If I were any of the characters in Stephen Crane’s short story, “The Open Boat,” I think I would want to be the correspondent. This is partly because I would not want to be involved in a profession that would require me, at some point in my future, to return to the sea after having had this experience. Analyzing the positions of the other men in the boat helps to narrow my decision although there are perhaps some things I would change about this character, while understanding more about the history of the story helps me determine whether I’d really like to be a part of this story or just be content with living in my own time.
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A good part of my decision regarding which character to be is based on the descriptions of the other characters. For example, while the cook might also discover a different venue for his profession other than onboard a boat, the description of the cook is not desirable to me. “His sleeves were rolled over his fat forearms, and the two flaps of his unbuttoned vest dangled as he bent to bail out the boat” (Crane). As the story continues, it becomes clear that bailing out the boat is about the only job the cook is suited for in this situation. “Later in the night they took the boat farther out to sea, and the captain directed the cook to take one oar at the stern and keep the boat facing the seas. He was to call out if he should hear the thunder of the surf” (Crane). I would want to be able to make my living on land, but be of use in saving myself and others while at sea. Meanwhile, the captain, who might be of an age to retire, is injured, which is also not a position I would want to have as I’d like to think I was useful in helping everyone get to shore safely and wouldn’t want the sorrow of a sunk ship and drowned crewmen on my mind while I was busy trying to survive. I also wouldn’t want to be the oiler because he dies before he gets to shore. This leaves only the correspondent left as a possible character to be. Although I would change some things about this character’s personality, such as his tendency to dwell on the same thoughts (“If I am going to be drowned–if I am going to be drowned–if I am going to be drowned, why, in the name of the seven mad gods who rule the sea, was I allowed to come thus far and contemplate sand and trees?”), I can’t really say that I would actually be thinking about anything significantly different if I were in his actual situation. However, it is important to remember that this character is treated most sympathetically because it is taken from Crane’s own experience and perspective.
It must be acknowledged that I may identify with the correspondent most because he is the perspective from which the story is told, even though Crane attempts to disguise this fact. The story comes from a real-life event that occurred in Crane’s life. According to a biography on the author, “His first attempt in 1897 to report on the insurrection in Cuba ended in near disaster; the ship Commodore on which he was traveling sank with $5,000 worth of ammunition, and Crane—reported drowned—finally rowed into shore in a dinghy with the captain, cook, and oiler, Crane scuttling his money belt of gold before swimming through dangerous surf” (Crane, Stephen, 2008). Another writer attempts to discover whether the story was a true-life account or a fictionalized re-telling of the event using elements of the real thing. “The entire action of the narrative reveals the correspondent’s contemplation and resigned acceptance of his (humankind’s) insignificance and isolation in the face of an environment that simply does not care” (Adams, 1954). As is pointed out by Bates Eye (1998), the very literary observations included in the descriptions of the men’s thoughts as well as the repetitive nature of some of them are hard to envision within the vocabulary of the cook or the concerns of the oiler.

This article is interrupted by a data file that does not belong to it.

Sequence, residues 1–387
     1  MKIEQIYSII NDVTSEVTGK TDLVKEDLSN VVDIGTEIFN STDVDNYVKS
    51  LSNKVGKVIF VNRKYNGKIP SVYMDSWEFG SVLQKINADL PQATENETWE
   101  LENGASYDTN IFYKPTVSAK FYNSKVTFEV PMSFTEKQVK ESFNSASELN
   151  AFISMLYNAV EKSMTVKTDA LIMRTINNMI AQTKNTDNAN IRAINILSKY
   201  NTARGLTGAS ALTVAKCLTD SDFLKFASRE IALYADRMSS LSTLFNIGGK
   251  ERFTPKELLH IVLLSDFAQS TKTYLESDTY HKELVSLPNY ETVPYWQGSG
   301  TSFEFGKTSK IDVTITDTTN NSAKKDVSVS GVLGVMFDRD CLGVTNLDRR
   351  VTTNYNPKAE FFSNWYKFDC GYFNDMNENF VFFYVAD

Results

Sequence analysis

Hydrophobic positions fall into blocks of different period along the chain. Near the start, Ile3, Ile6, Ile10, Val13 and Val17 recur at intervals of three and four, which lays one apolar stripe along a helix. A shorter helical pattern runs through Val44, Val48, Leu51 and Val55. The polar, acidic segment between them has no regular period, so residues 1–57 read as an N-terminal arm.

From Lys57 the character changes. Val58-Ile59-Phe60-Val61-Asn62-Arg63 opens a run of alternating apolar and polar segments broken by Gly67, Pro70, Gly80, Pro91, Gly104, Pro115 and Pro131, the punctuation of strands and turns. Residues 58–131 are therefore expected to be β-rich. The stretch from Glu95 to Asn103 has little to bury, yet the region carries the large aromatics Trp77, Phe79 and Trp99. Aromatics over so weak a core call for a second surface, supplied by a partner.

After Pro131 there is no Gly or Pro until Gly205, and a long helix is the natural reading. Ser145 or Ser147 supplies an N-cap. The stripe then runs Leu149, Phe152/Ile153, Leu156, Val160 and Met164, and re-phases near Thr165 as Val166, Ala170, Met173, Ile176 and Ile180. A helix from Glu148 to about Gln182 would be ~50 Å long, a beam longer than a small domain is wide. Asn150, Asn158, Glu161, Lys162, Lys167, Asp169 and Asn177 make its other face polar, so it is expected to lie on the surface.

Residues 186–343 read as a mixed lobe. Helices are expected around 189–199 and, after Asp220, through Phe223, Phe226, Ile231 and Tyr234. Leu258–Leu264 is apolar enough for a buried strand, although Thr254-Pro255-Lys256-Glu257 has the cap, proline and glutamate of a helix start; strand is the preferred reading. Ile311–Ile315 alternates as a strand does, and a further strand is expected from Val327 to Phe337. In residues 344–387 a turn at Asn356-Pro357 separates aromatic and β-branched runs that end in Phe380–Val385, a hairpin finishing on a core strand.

While the time period in which the story is set, the late 1800s, seems as if it were a more relaxed and idyllic time in which to live, after reading this story I find I am profoundly grateful for the benefits of modern technology. A steamer about to go down might require all hands to take to the rowboats, but radio receivers would ensure that helicopters and rescue boats would be well on the way before the ship even dropped beneath the waves. Even if the steamer had gone down before the distress call could be made, loss of radio contact might have sent rescue boats out or, at the very outside edge of connection, the first people onshore to have seen the dinghy bouncing on the waves would have been able to call the Coast Guard to send in help. Floatation devises today are also much better, being lighter weight, more buoyant and less cumbersome than what is described in Crane’s time. “The cook had tied a life-belt around himself in order to get even the warmth which this clumsy cork contrivance could donate” (Crane, 1897). Finally, the lifeboat itself would be of different construction, perhaps even including a trolling motor that would make it easier to get back to shore and a shape that would enable it to reach the shore without totally swamping under.
- Adams, Richard P. “Naturalistic Fiction: ‘The Open Boat.” Tulane Studies in English. Reprinted in Stephen Crane’s Career: Perspectives and Evaluations. Thomas A. Gullason (Ed.). New York: New York, 1972.
- Bates Eye, Stefanie. “Fact, Not Fiction: Questioning Our Assumptions About Crane’s ‘The Open Boat.’” Studies in Short Fiction. Vol. 35, I. 1, (1998).
- “Crane, Stephen.” Britannica Biographies. Encyclopedia Britannica, 2008.
- Crane, Stephen. “The Open Boat.” (1897).